The Encyclopaedia Britannica; A Dictionary of Arts, Sciences and General Literature Volume 6

The Encyclopaedia Britannica; A Dictionary of Arts, Sciences and General Literature Volume 6

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This historic book may have numerous typos and missing text. Purchasers can usually download a free scanned copy of the original book (without typos) from the publisher. Not indexed. Not illustrated. 1890 edition. Excerpt: ...would have outshone almost any one. Of his forty-two plays (this is the utmost number assigned to him) the last edition of his complete works contains only thirty-two, but he wrote several in conjunction with other authors. Two are usually reprinted at the end of his brother's selected works. These are Ariane and the Comte oVEssex, in the former of which Rachel attained success. But of Laodice, Camma, Stilico, and some other pieces, Pierre Corneille himself said that "he wished ha had written them," and he was not wont to speak lightly. Camma especially deserves notice. Tbiunas Corneille is in many ways remarkahle in the literary history of his time. His Thnoerate had the longest run recorded of any play in the century. Fur La Devineresse he and his coadjutor De Vise received above 6000 livres, the largesl sum known to have been thus paid. Lastly, one of hi, pieces (Le Baron des Foudriire) contests the honour of being the first which was hissed off the stage. (o. Sa.) CORNELIA, one of the' greatest women in Roman history, was the younger daughter of Scipio Africanus the Elder, the conqueror of Carthage, and mother of the twe great tribunes, Tiberius and Caius Gracchus, and ot Cornelia, the wife of Scipio Africamia the younger. On the death of her husband, refusing numerous offers of marriage, including oven one from King Ptolemy, she devoted herself to the education of her children, a task for which her lofty spirit and wide attainments rendered he. admirably fitted, and which had the most extraordinary results. The only attack ever made upon her lofty reputation was the charge that she was coucerned in the death of her son-in-law, Scipio, which was, there is no reason to doubt, a mere baseless slander. On-her death a statue more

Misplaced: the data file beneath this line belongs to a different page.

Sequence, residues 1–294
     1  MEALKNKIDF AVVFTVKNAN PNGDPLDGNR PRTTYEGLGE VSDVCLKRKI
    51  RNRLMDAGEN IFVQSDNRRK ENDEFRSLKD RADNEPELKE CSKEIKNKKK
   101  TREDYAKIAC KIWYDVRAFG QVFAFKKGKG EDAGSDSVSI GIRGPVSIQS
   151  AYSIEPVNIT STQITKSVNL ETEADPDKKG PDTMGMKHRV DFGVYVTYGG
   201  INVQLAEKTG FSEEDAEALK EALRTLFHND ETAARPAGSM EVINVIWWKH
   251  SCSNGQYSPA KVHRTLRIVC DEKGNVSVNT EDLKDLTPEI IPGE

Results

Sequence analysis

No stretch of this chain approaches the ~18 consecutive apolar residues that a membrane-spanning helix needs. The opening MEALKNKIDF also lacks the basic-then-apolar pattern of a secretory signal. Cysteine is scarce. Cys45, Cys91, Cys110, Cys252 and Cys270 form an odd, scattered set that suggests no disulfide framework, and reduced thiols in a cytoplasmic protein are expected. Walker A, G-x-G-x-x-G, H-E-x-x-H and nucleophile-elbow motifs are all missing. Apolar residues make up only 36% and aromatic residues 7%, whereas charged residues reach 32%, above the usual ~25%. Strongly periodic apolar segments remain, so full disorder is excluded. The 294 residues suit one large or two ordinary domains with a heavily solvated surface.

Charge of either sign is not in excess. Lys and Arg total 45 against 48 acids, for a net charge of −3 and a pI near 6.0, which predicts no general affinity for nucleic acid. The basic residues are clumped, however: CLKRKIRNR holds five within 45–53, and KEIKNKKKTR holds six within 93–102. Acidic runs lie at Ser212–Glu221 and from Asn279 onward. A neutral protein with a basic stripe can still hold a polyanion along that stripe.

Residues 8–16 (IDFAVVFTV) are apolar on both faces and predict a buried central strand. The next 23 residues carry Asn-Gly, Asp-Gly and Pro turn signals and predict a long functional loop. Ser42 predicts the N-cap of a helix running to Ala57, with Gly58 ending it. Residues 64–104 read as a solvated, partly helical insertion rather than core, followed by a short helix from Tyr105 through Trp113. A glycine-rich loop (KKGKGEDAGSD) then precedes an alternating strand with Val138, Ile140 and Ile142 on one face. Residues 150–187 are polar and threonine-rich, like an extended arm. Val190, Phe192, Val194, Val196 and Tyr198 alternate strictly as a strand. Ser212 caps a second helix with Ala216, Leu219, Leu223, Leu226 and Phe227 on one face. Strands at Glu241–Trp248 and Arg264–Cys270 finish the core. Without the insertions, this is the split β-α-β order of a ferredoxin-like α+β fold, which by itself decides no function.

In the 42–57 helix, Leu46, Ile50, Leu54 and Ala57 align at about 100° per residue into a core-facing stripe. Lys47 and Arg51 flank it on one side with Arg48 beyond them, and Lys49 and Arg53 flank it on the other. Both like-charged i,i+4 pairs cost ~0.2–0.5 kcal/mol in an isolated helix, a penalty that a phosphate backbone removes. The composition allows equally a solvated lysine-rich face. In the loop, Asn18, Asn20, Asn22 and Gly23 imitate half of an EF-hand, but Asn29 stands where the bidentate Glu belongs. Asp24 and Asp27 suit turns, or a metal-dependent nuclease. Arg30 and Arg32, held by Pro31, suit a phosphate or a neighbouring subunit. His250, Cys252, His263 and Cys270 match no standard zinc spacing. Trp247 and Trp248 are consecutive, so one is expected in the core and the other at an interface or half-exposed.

Product details

  • Paperback | 1046 pages
  • 189 x 246 x 52mm | 1,823g
  • Miami Fl, United States
  • English
  • Illustrations, black and white
  • 1236651472
  • 9781236651471